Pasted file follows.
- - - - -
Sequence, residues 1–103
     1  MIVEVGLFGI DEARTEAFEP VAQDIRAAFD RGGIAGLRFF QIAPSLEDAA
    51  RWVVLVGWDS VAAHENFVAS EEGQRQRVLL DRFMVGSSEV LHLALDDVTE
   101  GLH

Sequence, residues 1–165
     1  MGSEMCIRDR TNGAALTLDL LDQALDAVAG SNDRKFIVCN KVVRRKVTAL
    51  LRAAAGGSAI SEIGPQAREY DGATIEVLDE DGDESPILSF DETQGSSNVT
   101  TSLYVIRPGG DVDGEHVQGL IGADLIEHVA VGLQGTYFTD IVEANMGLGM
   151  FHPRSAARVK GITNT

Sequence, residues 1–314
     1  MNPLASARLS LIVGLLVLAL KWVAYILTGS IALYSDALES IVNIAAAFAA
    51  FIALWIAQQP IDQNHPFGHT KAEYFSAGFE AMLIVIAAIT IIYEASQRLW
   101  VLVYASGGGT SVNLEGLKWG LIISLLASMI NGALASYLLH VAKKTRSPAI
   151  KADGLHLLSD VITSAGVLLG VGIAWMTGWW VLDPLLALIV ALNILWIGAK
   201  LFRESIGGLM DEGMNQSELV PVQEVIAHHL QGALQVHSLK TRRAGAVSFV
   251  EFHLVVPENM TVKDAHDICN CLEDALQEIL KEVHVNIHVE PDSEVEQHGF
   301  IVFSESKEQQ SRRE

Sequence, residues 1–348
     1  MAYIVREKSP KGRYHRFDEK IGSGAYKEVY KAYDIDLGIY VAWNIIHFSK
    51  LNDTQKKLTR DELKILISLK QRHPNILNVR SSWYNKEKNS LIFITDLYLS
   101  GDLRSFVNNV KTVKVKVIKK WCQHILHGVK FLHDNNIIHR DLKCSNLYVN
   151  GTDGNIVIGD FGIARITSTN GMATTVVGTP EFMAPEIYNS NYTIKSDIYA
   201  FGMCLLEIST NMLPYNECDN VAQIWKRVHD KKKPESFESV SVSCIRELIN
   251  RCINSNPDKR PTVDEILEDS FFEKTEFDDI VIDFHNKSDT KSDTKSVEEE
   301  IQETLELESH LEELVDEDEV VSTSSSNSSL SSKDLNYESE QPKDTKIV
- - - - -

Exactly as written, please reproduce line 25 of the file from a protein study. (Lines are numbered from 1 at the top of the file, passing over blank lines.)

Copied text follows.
   301  IQETLELESH LEELVDEDEV VSTSSSNSSL SSKDLNYESE QPKDTKIV